More consumers are buying organic, but American farmers are still wary

More consumers are buying organic, but American farmers are still wary

CHURDAN, Iowa (AP) – In the 1970s when George Naylor said he wanted to grow organic crops, the idea didn’t go over well.

At the time, organic crops were an oddity, destined for health food stores or perhaps some farmers markets.

“I told my dad I wanted to be an organic farmer and he goes, ‘Ha, ha, ha,'” Naylor said, noting that it wasn’t until 2014 that he was able to embrace his dream and start transitioning from standard to organic crops.

But over the decades, something unexpected happened – the demand for organics began to increase so quickly that it began to outstrip the supply produced in the United States

Now a new challenge has emerged: It’s not getting consumers to pay the higher prices, it’s convincing enough farmers to get past their organic reluctance and start taking advantage of the income that’s flowing in.

Instead of growing to meet demand, the number of farmers switching to organic is actually declining. Last month, the U.S. Department of Agriculture committed up to $300 million to recruit and help more farmers make the switch.

“It feels good,” said Chris Schreiner, executive director of organic certification organization Oregon Tilth, referring to the government’s help. “It’s a milestone in the arc of this work.”

Schreiner, who has worked at the Oregon-based organization since 1998, said expanding technical training is important given the wide differences in farmland conventionally and organically. Schreiner noted that one farmer told him that converting a conventional farmer was like asking “a podiatrist to become a heart surgeon.”

The main difference is the use of synthetic fertilizers and pesticides as well as genetically modified seeds. Most conventional farms rely on these practices, but they are prohibited on organic farms. Organic farmers must instead fight weeds and pests with techniques such as rotating different crops and planting cover crops that crowd out weeds and add nutrients to the soil.

Crops can only be considered organic if they are grown on soil that has not been treated with synthetic substances for three years. During that period, farmers can grow crops, but they will not receive the additional premium that comes with organic crops.

According to the USDA, the number of conventional farms that recently converted to organic production fell by about 70% from 2008 to 2019. Organic makes up about 6% of total food sales, but only 1% of the nation’s farmland is in organic production, with foreign production. manufacturers making up the gap.

In the United States, “There are so many barriers for farmers to make that leap to organic,” said Megan DeBates, vice president of government affairs for the Organic Trade Association.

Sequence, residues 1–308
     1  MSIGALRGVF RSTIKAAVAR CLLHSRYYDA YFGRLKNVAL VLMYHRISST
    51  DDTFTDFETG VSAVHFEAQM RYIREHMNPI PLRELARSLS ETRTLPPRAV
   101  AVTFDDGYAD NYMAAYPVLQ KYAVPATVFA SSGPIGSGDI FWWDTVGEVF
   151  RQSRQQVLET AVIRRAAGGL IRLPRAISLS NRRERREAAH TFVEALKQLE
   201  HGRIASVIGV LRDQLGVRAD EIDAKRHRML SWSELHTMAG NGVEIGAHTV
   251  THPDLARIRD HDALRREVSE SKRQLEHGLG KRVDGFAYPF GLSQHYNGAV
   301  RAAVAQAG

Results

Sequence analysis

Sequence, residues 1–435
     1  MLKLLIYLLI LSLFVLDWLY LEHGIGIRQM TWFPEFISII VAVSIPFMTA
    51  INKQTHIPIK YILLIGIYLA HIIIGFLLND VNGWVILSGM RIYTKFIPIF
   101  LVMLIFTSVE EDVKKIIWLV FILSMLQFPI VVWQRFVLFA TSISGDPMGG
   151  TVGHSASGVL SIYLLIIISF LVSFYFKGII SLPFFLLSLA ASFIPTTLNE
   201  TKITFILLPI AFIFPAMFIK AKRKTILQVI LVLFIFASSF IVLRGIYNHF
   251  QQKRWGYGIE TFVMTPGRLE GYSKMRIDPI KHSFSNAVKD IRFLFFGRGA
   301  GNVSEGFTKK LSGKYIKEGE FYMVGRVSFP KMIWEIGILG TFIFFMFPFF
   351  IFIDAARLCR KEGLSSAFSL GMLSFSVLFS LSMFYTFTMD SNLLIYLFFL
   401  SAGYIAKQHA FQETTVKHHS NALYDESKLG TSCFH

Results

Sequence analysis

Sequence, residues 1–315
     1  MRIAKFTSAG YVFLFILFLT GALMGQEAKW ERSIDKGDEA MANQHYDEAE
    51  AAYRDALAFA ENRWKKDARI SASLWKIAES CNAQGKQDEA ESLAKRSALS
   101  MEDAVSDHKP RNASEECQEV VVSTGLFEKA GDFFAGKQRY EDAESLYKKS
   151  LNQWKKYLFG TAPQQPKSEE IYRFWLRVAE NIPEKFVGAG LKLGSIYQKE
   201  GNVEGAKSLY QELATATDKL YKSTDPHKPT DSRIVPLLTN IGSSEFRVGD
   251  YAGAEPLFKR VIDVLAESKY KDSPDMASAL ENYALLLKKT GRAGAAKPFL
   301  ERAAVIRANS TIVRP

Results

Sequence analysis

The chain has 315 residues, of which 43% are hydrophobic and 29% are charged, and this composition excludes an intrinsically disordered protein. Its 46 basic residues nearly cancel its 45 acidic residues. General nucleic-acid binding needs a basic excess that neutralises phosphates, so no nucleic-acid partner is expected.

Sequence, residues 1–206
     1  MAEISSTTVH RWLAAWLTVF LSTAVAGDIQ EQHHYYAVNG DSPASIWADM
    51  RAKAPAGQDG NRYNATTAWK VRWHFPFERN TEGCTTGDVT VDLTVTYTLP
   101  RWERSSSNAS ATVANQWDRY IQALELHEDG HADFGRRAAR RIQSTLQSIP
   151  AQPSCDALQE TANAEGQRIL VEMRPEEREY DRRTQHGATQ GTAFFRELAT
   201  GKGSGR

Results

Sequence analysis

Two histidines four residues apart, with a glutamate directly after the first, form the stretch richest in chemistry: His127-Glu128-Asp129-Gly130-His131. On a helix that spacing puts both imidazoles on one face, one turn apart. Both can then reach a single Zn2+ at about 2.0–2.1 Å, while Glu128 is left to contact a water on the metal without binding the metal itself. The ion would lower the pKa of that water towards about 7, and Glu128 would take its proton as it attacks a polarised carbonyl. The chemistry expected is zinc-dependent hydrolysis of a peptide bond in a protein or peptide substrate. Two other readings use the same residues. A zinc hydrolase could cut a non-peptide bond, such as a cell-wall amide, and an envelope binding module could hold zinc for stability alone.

While farmers seem hesitant, American consumers are not. Annual sales of organic products have roughly doubled in the past decade and are now $63 billion, according to the Organic Trade Association. Sales are estimated to rise to 5.5% this year.

This growth is evident to anyone who pushes a trolley in the average supermarket, past bins of organic apples and bananas, through the dairy and egg sections and along shelves full of organic beef and chicken.

The new USDA effort will include $100 million to help farmers learn new techniques for growing organic crops; $75 million for farmers who meet new standards for conservation practices; $25 million to expand crop insurance options and reduce costs; and $100 million to help organic supply chains and develop markets for organic products.

Nick Andrews, an Oregon State University extension agent who works with organic farmers, called the USDA effort a “game changer.” It should be particularly attractive to farmers with small parcels of land because the added value of organic crops makes it possible to make significant money on even 25 to 100 decre (10 to 40 ha) farms – much smaller than the commercial operations that provide most of the country’s produce.

“I’ve seen organic farmers keep families in business that would otherwise go out of business,” Andrews said.

Noah Wendt, who over the past few years has shifted 1,500 acres (607 hectares) of land in central Iowa to organic, noted that the shift has been “rocky” at times for him and his farming partner, Caleb Akin.

But he and Akin recently bought a grain elevator east of Des Moines to use only for organic crops, the kind of project the USDA program can help. They hope the elevator will not only be a nearby place to store grain, but also be a one-stop shop for learning about growing and marketing organic crops.

Seeing all the organic activity is gratifying to George and Patti Naylor, who farm near the small, central Iowa community of Churdan. But they say they still value the simple benefits they choose, such as evenings spent watching hundreds of rare monarch butterflies flock to their herbicide-free farm.

As Patti Naylor put it, “It really helps to believe in what you’re doing.”


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